The vehicle won't be the only method you use to explore. The central seat of power in the Mass Effect universe is a structure call the Citadel. It's a massive space station built by who-knows. It's equally as imposing in-game, as well. Perhaps too much. I found myself often times very nearly lost in the Citadel, rounding a corner hoping for a shuttle station, wondering if all this walking around was enhancing the majesty and scope of the setting... or just lame padding trying to make the game SEEM bigger. Either way, be prepared to do some walking from time to time.

After you’ve wrapped up a mission, there’s a fair amount of work that needs to be done. There’s a lot of dialog in the game, and anyone who is familiar with a BioWare game knows the drill: when prompted, you’ll be given a variety of conversation options allowing you choices like investigating for more details and back-story, talk out your differences to avoid confrontation, pick a fight, or even make game-and-story-altering decisions. I’ve played other games where I had no desire to explore all the conversation options presented to me, but for some reason I generally tried to milk conversations as hard as I could for more. More back-story. More details on the setting the game takes place in. More information as I could sense an incoming decision I would need to make. For some reason, I generally enjoyed getting as “into” the experience as possible. There is a WHOLE universe crafted here as a setting.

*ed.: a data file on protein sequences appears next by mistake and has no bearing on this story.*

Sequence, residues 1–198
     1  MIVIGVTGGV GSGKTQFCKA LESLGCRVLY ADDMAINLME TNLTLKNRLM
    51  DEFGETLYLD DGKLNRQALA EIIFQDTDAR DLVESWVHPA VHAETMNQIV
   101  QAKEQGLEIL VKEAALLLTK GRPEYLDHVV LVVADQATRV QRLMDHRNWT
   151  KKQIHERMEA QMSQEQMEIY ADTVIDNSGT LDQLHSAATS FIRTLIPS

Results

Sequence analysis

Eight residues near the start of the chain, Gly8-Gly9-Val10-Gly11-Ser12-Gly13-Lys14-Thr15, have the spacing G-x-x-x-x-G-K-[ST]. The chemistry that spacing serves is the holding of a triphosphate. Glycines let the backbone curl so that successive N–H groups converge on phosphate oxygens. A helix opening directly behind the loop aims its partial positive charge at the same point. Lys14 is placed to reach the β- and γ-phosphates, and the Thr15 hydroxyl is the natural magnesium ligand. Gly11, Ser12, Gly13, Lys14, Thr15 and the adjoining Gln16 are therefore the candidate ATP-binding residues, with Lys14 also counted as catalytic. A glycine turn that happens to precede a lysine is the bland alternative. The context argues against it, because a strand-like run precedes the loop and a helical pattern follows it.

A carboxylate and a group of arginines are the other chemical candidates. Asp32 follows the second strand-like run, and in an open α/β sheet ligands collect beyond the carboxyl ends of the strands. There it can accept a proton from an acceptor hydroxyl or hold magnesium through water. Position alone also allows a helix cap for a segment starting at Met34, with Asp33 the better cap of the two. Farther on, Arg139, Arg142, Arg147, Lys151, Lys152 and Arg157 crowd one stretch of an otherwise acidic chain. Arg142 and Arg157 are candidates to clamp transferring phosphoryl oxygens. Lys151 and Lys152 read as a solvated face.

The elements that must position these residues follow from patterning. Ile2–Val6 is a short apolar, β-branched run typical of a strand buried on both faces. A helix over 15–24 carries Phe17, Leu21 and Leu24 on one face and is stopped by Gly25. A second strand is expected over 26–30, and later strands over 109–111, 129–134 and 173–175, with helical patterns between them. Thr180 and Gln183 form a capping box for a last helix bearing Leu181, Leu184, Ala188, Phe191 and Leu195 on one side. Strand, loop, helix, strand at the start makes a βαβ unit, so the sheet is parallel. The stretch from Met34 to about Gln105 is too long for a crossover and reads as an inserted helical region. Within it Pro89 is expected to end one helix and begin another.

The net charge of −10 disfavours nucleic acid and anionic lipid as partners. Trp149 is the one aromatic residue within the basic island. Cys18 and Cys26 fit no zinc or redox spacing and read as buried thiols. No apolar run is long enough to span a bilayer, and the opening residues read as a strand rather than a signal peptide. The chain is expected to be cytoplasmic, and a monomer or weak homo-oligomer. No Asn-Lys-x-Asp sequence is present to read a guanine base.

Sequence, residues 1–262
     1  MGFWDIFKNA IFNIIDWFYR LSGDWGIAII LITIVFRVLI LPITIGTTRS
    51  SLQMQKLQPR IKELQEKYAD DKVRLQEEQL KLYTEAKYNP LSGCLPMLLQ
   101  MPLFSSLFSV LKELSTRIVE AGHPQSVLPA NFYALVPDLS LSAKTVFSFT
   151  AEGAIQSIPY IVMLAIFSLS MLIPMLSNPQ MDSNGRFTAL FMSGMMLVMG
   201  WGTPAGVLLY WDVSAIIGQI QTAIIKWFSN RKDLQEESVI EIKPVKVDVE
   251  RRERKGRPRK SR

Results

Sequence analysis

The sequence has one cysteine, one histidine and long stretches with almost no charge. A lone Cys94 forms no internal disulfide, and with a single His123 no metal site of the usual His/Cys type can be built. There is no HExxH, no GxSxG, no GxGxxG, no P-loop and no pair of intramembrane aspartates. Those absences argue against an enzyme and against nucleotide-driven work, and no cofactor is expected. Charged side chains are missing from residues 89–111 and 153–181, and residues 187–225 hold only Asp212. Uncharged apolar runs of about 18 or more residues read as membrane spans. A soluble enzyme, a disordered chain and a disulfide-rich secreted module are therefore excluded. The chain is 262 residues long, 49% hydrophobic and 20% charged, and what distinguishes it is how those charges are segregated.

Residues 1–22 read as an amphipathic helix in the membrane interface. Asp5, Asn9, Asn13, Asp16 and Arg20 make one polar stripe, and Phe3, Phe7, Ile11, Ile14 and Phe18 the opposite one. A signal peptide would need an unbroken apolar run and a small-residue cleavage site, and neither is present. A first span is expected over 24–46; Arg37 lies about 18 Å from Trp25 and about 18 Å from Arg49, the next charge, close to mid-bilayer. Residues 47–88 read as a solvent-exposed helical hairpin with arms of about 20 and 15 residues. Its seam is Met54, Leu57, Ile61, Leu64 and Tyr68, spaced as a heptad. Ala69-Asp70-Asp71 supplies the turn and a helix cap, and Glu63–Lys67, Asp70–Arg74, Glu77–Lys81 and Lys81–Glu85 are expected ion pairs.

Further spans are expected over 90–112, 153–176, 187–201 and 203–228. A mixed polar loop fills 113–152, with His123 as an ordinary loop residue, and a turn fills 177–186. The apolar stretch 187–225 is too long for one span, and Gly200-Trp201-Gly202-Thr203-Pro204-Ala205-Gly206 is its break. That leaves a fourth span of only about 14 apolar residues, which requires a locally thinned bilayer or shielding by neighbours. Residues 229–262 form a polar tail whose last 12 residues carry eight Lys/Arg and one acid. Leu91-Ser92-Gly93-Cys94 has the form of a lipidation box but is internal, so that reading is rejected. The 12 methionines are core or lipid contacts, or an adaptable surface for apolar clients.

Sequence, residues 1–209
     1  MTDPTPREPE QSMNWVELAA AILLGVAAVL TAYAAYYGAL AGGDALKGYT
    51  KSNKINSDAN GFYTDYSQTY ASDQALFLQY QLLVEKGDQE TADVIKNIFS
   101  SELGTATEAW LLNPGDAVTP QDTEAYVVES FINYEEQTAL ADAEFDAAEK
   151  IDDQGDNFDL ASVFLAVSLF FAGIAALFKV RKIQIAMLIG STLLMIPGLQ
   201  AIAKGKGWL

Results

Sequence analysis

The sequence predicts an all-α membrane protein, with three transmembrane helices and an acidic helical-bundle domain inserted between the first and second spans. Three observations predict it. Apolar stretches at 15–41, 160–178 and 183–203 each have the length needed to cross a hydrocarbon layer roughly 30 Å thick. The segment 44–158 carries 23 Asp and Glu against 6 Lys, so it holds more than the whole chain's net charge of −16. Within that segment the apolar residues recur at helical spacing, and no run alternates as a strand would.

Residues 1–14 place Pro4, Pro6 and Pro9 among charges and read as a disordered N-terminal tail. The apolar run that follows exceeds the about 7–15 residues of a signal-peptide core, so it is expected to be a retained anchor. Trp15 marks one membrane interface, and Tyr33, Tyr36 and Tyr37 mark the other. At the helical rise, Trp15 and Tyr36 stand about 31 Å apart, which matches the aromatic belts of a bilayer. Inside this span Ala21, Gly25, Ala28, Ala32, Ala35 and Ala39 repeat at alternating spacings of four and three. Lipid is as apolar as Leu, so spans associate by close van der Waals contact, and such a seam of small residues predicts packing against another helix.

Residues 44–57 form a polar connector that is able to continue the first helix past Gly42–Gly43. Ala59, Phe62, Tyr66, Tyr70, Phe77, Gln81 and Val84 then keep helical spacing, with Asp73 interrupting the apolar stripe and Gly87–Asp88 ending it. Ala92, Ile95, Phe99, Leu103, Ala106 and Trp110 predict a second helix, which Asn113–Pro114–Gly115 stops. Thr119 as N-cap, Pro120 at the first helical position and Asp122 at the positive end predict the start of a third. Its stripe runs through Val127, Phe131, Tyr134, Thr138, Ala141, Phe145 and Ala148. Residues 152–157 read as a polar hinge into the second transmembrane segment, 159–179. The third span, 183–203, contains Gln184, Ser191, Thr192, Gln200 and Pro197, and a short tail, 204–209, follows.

And what a universe it is. A colorful and interesting variety of races and cultures populate this game, and while you’ll notice a few familiar tropes from other fantasy/sci-fi stories, these will all still manage to be interesting and contribute to the overall setting. I found plenty to learn either by reading the in-game literature or through conversations about each race and was especially fond of the inter-species politics and all the interactions and conflict that had taken place before humanity joined the galactic stage.

That’s a popular theme in the game, and serves as one of the motivators for several of the characters. Humans are essentially new kids on the block still, and have a lot to prove in the way of how much they can contribute to the community. One more than one occasion, you’ll find an alien peering down his nose at you, asking whether or not your juvenile species really should be allowed input on some matter.

And here comes one of my favorite parts of Mass Effect: getting to tell alien jerks exactly what you think. If you get mad at some alien snob, the odds are good that the conversation options will let you make your feelings quite clear. If you genuinely want to help someone, you’ll find some heartfelt conversation options to convey it. While I generally don’t play “the jerk” in games, whenever I felt like I’d been crossed and picked the “angry” conversation option, I was usually quite satisfied with the result.

Maybe that’s why I enjoyed this game so much. I really did make the game personal, and if that sounds like your bag, I’d suggest you do it too. My character played “me” in the game. I kind made him look like me, and I picked conversation options that are what I would say were I in my character’s position, and I make the story decisions that I would personally have made. Instead of me playing the role of the character, the character played the role of “me”. Other people don’t do that, and it’s by no way a requirement. I tend to play games with “options” using my own moral compass anyway, but in this game it just... I don’t know... felt more convincing. I felt like I got more opportunities to further immerse myself in “playing me” in the game, and perhaps that wealth of decisions I got to make are what helped suck me into the game.